Feeds

NY man charged with boosting TJX credit hijack

Alleged sniffer mods

The Essential Guide to IT Transformation

A New York man has been charged with aiding the alleged leader of the hacking gang accused of stealing more than 40 million credit and debit card numbers from stores owned by TJX Companies and other companies.

Federal prosecutors in Boston accused Stephen Watt, 25, of modifying a sniffer program for Albert Gonzalez, who was indicted earlier this year as the ring leader of a group that broke into networks used by TJ Maxx, BJ's Wholesale Club, OfficeMax, Barnes & Noble, Sports Authority, Forever 21, and DSW. As recently as January, Watt "edited the 'blabla' sniffer utilized by the conspirators" and was stored on a server in Latvia, federal charging papers allege.

Watt is charged with a single count of conspiracy and faces a maximum sentence of five years in prison and a $250,000 fine if convicted.

Gonzalez, who has pleaded not guilty, had already been arrested in 2003 for access device fraud in 2003. During the more recent investigation, Gonzalez was working as a confidential informant for the Secret Service, but federal officials say they were unaware he was criminally involved in the case.

According to prosecutors, Gonzalez oversaw a criminal enterprise that carried out some of the biggest identity thefts in US history. Breaches into TJ Maxx and other stores owned by TJX are believed to have netted personal information belonging to more than 45 million people.

The group preyed off of stores that used insecure wireless networks to zap customer's personal information to credit card processors. The gang allegedly stored stolen information on encrypted servers in eastern Europe and the US. They converted the data to cash by creating counterfeit credit and debit cards with the information and using the cards to withdraw "tens of thousands of dollars at a time from ATMs," and and by selling some of the account details to others, prosecutors have alleged.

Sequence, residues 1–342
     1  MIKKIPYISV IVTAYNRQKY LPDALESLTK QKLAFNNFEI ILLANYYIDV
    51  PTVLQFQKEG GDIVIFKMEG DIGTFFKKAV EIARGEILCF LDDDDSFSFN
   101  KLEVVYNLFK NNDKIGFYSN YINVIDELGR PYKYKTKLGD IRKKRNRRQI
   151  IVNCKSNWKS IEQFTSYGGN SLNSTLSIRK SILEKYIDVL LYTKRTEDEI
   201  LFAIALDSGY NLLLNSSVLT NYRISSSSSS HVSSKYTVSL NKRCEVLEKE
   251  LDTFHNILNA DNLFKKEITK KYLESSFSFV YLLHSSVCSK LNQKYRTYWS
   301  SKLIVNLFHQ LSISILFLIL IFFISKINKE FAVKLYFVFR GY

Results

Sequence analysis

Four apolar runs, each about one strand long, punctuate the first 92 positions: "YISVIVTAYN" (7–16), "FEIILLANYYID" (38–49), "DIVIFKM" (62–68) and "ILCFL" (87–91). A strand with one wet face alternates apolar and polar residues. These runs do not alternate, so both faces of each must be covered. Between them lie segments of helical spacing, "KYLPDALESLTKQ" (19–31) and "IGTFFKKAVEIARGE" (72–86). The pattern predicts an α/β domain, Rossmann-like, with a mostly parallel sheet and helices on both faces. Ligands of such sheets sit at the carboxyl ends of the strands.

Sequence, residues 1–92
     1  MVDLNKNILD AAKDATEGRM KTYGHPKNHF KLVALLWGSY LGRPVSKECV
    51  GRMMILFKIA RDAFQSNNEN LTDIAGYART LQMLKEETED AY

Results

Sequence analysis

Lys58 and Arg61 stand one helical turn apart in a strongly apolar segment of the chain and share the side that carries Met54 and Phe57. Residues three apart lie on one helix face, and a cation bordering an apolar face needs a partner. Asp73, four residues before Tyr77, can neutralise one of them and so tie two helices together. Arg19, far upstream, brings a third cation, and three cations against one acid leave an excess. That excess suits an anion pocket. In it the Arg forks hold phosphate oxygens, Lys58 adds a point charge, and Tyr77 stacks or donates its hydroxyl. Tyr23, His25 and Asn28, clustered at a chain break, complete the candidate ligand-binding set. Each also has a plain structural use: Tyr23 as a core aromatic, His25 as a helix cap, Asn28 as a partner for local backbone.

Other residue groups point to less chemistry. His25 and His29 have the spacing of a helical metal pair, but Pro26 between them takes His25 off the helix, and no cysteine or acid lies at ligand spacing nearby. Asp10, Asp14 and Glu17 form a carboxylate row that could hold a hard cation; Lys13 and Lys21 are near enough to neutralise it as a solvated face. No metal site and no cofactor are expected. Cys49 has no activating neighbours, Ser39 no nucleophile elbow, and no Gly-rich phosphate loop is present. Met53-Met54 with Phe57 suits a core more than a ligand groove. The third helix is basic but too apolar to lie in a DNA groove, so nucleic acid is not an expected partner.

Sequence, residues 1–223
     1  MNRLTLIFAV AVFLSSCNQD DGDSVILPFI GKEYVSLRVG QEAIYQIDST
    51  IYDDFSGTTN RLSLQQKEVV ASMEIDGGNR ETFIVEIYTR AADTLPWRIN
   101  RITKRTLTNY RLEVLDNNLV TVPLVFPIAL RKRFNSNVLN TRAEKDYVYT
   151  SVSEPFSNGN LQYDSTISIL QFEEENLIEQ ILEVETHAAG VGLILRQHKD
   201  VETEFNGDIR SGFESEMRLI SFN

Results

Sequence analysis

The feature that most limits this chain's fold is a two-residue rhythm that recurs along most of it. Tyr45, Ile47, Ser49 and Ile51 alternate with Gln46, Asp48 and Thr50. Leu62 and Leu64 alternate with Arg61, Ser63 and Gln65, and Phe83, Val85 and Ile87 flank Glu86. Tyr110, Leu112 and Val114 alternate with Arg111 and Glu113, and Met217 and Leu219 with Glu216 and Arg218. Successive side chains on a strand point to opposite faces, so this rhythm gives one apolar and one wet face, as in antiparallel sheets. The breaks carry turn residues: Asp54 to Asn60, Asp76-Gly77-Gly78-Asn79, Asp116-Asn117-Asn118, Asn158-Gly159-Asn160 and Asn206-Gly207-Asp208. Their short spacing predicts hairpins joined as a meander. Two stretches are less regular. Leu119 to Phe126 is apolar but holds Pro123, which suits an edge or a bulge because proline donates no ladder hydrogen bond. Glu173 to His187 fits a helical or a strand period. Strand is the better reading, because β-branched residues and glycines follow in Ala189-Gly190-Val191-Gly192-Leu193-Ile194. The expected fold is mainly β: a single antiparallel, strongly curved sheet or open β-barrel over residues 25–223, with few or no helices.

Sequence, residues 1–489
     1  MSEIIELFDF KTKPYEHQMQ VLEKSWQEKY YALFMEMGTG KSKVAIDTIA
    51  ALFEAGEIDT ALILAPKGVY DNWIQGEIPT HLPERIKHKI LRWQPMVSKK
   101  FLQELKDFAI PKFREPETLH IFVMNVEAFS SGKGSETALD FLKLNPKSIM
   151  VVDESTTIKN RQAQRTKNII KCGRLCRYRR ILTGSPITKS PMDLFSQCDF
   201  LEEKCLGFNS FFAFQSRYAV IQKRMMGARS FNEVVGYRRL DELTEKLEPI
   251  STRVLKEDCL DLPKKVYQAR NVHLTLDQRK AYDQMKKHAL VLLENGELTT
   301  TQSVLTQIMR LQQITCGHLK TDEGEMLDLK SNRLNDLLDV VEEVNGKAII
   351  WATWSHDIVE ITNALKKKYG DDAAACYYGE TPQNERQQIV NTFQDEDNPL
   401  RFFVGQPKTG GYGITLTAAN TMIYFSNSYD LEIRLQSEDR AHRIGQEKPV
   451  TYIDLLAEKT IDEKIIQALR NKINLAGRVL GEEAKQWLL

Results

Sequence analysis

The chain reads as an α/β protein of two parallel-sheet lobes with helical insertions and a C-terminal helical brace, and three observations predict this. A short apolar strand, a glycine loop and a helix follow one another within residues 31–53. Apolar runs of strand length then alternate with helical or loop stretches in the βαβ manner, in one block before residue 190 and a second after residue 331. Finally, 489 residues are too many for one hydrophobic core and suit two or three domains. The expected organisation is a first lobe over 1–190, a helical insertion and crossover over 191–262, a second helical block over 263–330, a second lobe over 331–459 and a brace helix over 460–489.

The charging of Watt comes about six weeks after Damon Patrick Toey of Miami pleaded guilty to his involvement in the criminal conspiracy and agreed to testify against the other defendants in the case. A few weeks later, a second co-defendant, Christopher Scott, 25, of Miami, also pleaded guilty. ®

Build a business case: developing custom apps

More from The Register

next story
14 antivirus apps found to have security problems
Vendors just don't care, says researcher, after finding basic boo-boos in security software
'Things' on the Internet-of-things have 25 vulnerabilities apiece
Leaking sprinklers, overheated thermostats and picked locks all online
iWallet: No BONKING PLEASE, we're Apple
BLE-ding iPhones, not NFC bonkers, will drive trend - marketeers
Only '3% of web servers in top corps' fully fixed after Heartbleed snafu
Just slapping a patched OpenSSL on a machine ain't going to cut it, we're told
How long is too long to wait for a security fix?
Synology finally patches OpenSSL bugs in Trevor's NAS
Secure microkernel that uses maths to be 'bug free' goes open source
Hacker-repelling, drone-protecting code will soon be yours to tweak as you see fit
Israel's Iron Dome missile tech stolen by Chinese hackers
Corporate raiders Comment Crew fingered for attacks
Tor attack nodes RIPPED MASKS off users for 6 MONTHS
Traffic confirmation attack bared users' privates - but to whom?
Roll out the welcome mat to hackers and crackers
Security chap pens guide to bug bounty programs that won't fail like Yahoo!'s
prev story

Whitepapers

Implementing global e-invoicing with guaranteed legal certainty
Explaining the role local tax compliance plays in successful supply chain management and e-business and how leading global brands are addressing this.
Consolidation: The Foundation for IT Business Transformation
In this whitepaper learn how effective consolidation of IT and business resources can enable multiple, meaningful business benefits.
Backing up Big Data
Solving backup challenges and “protect everything from everywhere,” as we move into the era of big data management and the adoption of BYOD.
Boost IT visibility and business value
How building a great service catalog relieves pressure points and demonstrates the value of IT service management.
Why and how to choose the right cloud vendor
The benefits of cloud-based storage in your processes. Eliminate onsite, disk-based backup and archiving in favor of cloud-based data protection.